Every year as a small child I made my mother buy the Better Homes and Gardens Xmas Issue. I still remember that Jimmy Carter prefers his Xmas grits with cheese.

I spent last weekend with my partner's extended family. They do a big Xmas complete with the confections (I was the Jewish girl asking for the nonexistent divinity -- the fudge rocked, though). We were up at 4:30AM Xmas morning to open gifts and drink coffee, and it was a delight.

Sorry to have rambled, but like most good things in my life, eggbeater gets me thinking and makes me want to write...

New Year's Eve? I hate it. The best NYEs I've spent took place at the White Castle in Whitestone, Queens (1983) and over the phone with my college roommate (1986).

That said, have a safe evening, everyone, if you're venturing out.


Can I be your friend? LOL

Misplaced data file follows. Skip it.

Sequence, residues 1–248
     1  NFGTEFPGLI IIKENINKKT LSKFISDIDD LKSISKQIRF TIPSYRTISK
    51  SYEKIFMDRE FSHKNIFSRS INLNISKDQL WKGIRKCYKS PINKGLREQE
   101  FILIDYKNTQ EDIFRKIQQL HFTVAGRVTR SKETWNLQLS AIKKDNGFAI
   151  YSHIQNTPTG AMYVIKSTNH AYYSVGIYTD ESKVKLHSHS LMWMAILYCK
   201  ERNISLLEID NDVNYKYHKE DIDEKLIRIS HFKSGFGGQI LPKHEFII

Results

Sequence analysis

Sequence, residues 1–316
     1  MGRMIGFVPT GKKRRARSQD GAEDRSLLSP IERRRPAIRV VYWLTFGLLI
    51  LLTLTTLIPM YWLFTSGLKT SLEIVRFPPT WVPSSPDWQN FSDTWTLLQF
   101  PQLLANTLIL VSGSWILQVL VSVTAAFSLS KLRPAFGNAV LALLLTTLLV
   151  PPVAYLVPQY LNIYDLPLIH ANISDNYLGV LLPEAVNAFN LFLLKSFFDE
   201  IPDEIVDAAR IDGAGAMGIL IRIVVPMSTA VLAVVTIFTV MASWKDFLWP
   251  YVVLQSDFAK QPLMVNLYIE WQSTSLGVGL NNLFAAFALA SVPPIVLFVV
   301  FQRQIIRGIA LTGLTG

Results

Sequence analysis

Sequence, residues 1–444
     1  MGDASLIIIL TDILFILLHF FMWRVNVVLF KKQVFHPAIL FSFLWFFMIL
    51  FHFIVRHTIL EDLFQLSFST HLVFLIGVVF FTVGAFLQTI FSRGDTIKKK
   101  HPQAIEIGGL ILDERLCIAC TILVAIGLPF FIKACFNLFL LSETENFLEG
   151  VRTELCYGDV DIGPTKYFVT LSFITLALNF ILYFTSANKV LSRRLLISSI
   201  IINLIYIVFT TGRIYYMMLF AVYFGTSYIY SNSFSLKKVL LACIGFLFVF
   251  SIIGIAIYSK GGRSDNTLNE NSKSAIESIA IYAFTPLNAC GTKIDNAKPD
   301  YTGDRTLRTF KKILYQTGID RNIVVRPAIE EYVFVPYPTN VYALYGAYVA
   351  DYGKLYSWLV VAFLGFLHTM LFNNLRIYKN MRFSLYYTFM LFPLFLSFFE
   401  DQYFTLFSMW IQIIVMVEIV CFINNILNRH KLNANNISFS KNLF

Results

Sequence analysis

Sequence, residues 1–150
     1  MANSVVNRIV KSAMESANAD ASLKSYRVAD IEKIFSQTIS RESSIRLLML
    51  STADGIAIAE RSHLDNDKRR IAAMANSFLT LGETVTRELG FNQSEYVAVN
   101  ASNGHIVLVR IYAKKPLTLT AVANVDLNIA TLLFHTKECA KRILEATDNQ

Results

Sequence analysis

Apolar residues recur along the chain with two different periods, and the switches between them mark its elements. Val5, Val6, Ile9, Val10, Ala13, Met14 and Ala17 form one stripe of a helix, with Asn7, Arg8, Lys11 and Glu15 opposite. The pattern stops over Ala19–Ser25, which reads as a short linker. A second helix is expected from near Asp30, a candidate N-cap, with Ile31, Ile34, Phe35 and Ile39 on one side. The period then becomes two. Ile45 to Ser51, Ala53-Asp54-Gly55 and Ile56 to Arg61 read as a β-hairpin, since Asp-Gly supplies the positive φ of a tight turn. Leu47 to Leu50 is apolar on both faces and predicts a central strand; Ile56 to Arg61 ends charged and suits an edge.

I’m struck by the fact that you are obviously privileged. not many people can afford, for the number of people they would love to buy Christmas gifs (despite your diatribe against it), to buy gifts for their loved ones from the sites you recommend. these are small boutique type stores that are essentially patronized by the rich (Medici’s...anyone!?). I find it to be hypocritical of you to rail against a children’s holiday during which parents struggle to put together an experience in which their children feel privileged and then suggest than people who want to help the truly downtrodden (yet not the CHILDREN) shop in the online stores of people who likely come from privileged backgrounds themselves, instead of, say, donating the money to charities that buy toys from underprivileged children.

for shame, gentlemen,